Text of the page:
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hapter 6 Support Department Cost Allocation 241

Now let P equal the total cost of the Power Department and M equal the total
cost of the Maintenance Department. As indicated above, the total cost of a sup -
port department is the sum of its direct costs plus the proportion of service
received from other support departments. Using the data and allocation ratios
from Exhibit 6-11, the cost equation for each support department can be
expressed as follows:
P = Direct costs + Share of Maintenance's cost (6.1)
 $250,000 + 0.1M (Maintenance's cost equation)
M = Direct costs + Share of Power's costs (6.2)
 $160,000 + 0.2P (Power's cost equation)

The direct-cost components of each equation are taken from Exhibit 6 -11, as are
the allocation ratios.
The Powe.:. cost equation (Equation 6.1) and the Maintenance cost equation
(Equation 6.2) can be solved simultaneously to yield the total cost for each sup -
port department. Substituting Equation 6.1 into Equation 6.2 gives the following:
M = $160,000 + 0.2($250„000 + 0.1M)
M = $160,000 + $50,000 + 0.02M
0.98M = $210,000
M = $214,286

Substituting this value for M into Equation 6.1 yields the total cost for Power:

P = $250,000 + 0.1($214,286)
= $250,000 + $21,429
= $271,429

After the equations are solved, the total costs of each support department are
known. These total costs, unlike the direct or sequential methods, reflect all inter-
actions between support departments.

Allocation to Producing Departments Once the total costs of each support

department a7e known, the allocations to the producing departments can be
made. These allocations, based on the proportion of output used by each pro-
ducing department, are shown in Exhibit 6 -12. Notice that the total costs allo -

Exhibit 6-12 Allocated to

Reciprocal Allocation Total Cost Grinding' .Assemblyb
Power $271,429 $162,857 $ 54,286
Maintenance 214,286 96,429 96,429
Total $259,286 5150,715

'Power: 0.60 x 5271,429; Maintenance: 0.45 x $214,286

'Tower: 0.20 X 5271,429; Maintenance: 0.45 X $214,256
242 Part 2 Cost Accounting Systems

cated to the producing departments equal $410,000, the total direct costs of the
two support departments ($250,000 + $160,000).

Comparison of the Three Methods

Exhibit 6-13 gives the cost allocations from the Power and Maintenance Depart-
ments to the Grinding and Assembly Departments using the three support
department cost allocation methods. How different are the results? Does it really
matter which method is used? Depending on the degree of interaction of the sup -
port departments, the three allocation methods can give radically different
results. In this particular example, the direct method allocated $12,500 more to
the Grinding Department (and $12,500 less to the Assembly Department). Surely
the manager of the Assembly Department would prefer the direct method and
the manager of the Grinding Department would prefer the sequential method.
Because allocation methods do affect the cost responsibilities of managers, it is
important for the accountant to understand the consequences of the dif ferent
methods and to have good reasons for the eventual choice.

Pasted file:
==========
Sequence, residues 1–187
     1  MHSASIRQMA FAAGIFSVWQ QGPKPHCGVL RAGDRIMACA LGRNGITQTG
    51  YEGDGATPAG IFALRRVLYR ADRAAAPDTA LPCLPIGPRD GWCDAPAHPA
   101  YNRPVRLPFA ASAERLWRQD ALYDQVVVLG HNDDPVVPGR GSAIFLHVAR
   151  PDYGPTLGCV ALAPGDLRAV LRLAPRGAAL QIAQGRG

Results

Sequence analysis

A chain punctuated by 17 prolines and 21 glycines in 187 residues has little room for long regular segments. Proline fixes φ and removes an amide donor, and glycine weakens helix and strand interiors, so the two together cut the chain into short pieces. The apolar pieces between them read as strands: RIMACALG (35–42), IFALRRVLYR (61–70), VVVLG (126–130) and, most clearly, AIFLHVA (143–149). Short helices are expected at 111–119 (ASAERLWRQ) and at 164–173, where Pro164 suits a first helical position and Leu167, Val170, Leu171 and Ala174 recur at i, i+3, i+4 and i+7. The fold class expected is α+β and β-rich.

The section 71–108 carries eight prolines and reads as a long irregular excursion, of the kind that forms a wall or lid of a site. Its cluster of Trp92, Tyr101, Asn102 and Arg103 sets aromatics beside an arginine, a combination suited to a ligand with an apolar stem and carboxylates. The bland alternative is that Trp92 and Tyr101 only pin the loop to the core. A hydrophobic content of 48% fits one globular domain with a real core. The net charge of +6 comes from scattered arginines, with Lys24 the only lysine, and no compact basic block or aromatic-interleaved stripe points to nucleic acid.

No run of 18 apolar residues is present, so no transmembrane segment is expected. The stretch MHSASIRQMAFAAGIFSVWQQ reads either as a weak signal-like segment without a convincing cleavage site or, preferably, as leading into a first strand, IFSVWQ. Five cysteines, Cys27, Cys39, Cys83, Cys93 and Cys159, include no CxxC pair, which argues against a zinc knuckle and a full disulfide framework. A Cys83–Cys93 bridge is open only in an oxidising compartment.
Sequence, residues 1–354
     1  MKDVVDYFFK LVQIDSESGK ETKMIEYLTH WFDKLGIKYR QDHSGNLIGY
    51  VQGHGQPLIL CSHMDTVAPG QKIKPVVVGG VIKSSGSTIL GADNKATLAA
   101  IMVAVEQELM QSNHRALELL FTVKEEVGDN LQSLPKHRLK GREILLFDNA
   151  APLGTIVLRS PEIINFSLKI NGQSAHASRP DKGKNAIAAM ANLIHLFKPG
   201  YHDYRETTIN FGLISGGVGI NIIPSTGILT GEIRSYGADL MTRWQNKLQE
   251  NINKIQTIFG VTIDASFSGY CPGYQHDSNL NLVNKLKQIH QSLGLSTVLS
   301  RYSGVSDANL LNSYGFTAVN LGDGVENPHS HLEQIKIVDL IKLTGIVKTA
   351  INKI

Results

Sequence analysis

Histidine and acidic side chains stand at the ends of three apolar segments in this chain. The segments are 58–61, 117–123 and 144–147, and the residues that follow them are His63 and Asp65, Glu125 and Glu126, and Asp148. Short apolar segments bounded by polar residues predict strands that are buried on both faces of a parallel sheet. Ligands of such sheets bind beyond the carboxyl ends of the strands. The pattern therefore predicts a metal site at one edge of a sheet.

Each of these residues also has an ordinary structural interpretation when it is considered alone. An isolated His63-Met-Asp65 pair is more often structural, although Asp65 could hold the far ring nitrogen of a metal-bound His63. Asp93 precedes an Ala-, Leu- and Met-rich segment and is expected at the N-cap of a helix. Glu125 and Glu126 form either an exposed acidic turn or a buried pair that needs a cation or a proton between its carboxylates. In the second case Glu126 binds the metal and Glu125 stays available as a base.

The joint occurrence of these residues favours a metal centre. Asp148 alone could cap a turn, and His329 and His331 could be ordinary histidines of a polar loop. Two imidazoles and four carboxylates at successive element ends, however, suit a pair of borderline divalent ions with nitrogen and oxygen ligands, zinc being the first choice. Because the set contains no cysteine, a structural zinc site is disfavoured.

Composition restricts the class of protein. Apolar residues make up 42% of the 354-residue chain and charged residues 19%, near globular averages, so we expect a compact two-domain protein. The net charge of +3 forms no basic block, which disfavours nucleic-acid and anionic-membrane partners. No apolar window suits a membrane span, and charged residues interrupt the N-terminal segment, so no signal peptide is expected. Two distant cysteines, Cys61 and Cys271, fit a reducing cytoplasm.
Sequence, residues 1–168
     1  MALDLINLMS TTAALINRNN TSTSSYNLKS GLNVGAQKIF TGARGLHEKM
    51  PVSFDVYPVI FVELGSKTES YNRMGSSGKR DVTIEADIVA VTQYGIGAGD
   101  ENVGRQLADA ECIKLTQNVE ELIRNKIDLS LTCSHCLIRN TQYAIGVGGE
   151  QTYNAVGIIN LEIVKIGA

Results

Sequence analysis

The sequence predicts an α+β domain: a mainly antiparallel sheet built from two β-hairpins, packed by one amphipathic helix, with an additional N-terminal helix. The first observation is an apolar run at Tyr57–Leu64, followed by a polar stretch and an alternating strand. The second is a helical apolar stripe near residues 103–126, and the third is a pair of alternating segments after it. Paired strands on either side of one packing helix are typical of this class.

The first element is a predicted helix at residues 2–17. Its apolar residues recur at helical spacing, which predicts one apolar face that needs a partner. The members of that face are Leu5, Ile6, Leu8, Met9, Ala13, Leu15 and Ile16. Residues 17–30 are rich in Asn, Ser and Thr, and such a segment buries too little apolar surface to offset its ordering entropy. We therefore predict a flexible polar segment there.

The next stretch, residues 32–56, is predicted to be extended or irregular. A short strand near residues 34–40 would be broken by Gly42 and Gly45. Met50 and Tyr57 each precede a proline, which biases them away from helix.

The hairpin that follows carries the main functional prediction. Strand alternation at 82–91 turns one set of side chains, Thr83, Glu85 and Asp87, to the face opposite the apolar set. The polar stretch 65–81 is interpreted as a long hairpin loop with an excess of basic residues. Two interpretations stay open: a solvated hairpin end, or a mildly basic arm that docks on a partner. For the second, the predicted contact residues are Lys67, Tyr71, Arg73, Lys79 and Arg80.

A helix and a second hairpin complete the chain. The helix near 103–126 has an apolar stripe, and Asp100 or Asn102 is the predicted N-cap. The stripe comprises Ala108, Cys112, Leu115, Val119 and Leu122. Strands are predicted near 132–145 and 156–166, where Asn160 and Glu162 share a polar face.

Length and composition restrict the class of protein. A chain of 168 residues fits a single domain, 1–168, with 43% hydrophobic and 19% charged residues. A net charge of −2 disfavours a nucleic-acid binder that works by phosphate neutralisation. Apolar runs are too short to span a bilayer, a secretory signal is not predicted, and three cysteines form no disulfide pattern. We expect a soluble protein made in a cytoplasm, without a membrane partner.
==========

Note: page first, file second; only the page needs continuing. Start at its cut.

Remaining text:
It is important to keep a cost-benefit perspective in choosing an allocation
method. The accountant must weigh the advantages of better allocation against
the increased cost using a more theoretically preferred method, such as the recip-
rocal method. For example, about twenty years ago, the controller for the IBM
Poughkeepsie plant decided that the reciprocal method of cost allocation would
do a better job of allocating support department costs. He identified over 700
support departments and solved the system of equations using a computer. Com-
putationally, he had no problems. However, the producing department managers
did not understand the reciprocal method. They were sure that extra cost was
being allocated to their departments, but they just were not sure how. After
months of meetings with the line managers, the controller threw in the towel and
returned to the sequential method—which everyone did understand.
Another factor to be considered in allocating support department cost is the
rapid change in technology. Many firms currently find that support department
cost allocation is useful for them. However, the move toward activity-based costing
and just-in-time manufacturing can virtually eliminate the need for support
department cost allocation. In the case of the JIT factory with manufacturing cells,
much of the service (e.g., maintenance, materials handling, and setups) is per -
formed by cell workers. Allocation is not necessary.

Exhibit 6-13
Comparison of Support Department Cost Allocations Using the Direct, Sequential, and Reciprocal Methods

Direct Method Sequential Method Reciprocal Method

Grinding Assembly Grinding Assembly Grinding Assembly
Direct costs $100,000 $ 60,000 $100,000 $ 60,000 $100,000 $ 60,000
Allocated from Power 187,500 62,500 150,000 50,000 162,857 54,286
Allocated from Maint. 80,000 80,000 105,000 105,000 96,429 96,429
Total cost $367,500 $202,500 $355,000 $215,000 $359,286 , $210,715
Chapter 6 Support Department Cost Alloca:ion 243

Upon allocating all support service costs to producing departments, an overhead

Objective 5 rate can be computed for each department. This rate is computed by adding the
Calculate allocated service costs to the overhead costs that are dir ectly traceable to the
overhead rates. producing department and dividing this total by some measure of activity, such ,
as direct labor hours or machine hours.